dd /dee-dee/ vt.
[Unix: from IBM JCL] Equivalent to
cat or BLT. Originally the name of a Unix copy command
with special options suitable for block-oriented devices; it was
often used in heavy-handed system maintenance, as in "Let's
dd the root partition onto a tape, then use the boot PROM to
load it back on to a new disk". The Unix
designed with a weird, distinctly non-Unixy keyword option syntax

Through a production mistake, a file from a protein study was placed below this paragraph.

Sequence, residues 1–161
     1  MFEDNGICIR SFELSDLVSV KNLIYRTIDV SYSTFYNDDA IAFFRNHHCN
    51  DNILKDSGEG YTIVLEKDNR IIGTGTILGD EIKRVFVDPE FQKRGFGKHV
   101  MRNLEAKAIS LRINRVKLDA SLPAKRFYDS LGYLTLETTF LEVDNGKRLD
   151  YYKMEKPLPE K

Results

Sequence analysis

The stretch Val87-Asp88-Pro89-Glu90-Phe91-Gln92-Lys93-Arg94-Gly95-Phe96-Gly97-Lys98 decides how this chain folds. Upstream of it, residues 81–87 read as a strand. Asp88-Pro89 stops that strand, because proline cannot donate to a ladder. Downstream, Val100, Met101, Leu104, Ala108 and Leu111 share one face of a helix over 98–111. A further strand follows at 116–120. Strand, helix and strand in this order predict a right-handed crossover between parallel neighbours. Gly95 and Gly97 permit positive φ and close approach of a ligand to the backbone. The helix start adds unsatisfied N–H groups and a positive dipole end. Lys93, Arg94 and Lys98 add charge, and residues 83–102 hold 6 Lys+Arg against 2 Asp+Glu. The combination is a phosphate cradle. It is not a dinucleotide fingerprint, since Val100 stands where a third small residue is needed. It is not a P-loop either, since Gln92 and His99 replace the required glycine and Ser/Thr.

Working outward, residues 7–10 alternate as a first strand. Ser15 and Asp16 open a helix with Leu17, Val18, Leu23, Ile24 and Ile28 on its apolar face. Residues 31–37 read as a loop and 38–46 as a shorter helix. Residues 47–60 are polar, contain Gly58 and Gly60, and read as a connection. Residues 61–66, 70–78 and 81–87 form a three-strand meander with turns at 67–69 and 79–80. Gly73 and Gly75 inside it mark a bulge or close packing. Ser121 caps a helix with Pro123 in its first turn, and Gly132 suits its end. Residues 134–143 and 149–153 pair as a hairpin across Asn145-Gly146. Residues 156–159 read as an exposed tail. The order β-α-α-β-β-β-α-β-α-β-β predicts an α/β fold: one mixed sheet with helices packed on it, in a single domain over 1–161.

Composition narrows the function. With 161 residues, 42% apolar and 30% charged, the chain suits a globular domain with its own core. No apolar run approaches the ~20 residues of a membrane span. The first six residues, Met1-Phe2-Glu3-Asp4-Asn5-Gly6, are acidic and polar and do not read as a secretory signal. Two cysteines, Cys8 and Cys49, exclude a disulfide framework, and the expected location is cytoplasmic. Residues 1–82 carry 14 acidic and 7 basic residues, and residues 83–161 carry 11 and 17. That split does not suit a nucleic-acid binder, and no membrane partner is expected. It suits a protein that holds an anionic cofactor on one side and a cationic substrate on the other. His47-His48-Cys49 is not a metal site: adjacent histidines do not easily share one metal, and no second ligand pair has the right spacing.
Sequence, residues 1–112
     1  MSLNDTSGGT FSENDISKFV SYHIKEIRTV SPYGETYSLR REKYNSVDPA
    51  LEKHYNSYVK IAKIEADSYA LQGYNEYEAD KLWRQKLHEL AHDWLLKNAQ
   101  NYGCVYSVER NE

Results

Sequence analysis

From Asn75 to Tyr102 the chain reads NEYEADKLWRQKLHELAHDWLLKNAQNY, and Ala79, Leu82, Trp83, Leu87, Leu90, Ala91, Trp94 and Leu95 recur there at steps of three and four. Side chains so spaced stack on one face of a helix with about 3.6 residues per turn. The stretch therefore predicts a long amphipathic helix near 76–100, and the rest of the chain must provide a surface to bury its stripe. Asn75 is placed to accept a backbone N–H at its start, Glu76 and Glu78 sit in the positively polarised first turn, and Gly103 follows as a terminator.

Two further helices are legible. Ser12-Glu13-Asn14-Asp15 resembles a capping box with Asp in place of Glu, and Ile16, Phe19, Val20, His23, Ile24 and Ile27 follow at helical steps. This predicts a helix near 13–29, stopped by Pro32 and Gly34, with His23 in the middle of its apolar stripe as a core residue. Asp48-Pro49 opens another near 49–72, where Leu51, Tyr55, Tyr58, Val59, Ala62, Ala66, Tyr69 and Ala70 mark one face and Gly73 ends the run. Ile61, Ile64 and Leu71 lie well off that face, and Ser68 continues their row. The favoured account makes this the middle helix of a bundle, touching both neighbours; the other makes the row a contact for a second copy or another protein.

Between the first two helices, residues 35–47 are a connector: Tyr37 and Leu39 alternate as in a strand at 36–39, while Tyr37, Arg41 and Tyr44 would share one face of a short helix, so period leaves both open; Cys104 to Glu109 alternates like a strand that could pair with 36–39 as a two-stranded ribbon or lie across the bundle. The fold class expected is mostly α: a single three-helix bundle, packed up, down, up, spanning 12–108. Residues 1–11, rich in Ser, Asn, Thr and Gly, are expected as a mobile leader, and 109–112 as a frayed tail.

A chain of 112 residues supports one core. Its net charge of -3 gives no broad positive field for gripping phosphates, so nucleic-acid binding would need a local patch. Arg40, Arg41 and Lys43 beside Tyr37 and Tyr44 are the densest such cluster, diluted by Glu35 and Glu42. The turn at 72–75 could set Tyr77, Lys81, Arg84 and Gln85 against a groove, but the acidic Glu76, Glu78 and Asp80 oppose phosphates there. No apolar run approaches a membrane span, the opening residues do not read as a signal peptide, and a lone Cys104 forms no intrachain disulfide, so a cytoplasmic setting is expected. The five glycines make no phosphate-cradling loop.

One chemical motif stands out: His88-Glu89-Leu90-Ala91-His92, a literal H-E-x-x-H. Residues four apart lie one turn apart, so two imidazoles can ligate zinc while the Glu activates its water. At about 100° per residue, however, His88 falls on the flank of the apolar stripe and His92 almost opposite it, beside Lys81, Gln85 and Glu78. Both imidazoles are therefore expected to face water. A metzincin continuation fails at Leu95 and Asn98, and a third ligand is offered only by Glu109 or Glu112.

reminiscent of IBM System/360 JCL (which had an elaborate DD
`Dataset Definition' specification for I/O devices); though the
command filled a need, the interface design was clearly a prank.
The jargon usage is now very rare outside Unix sites and now nearly
obsolete even there, as
dd(1) has been deprecated for a
long time (though it has no exact replacement). The term has been
displaced by BLT or simple English `copy'.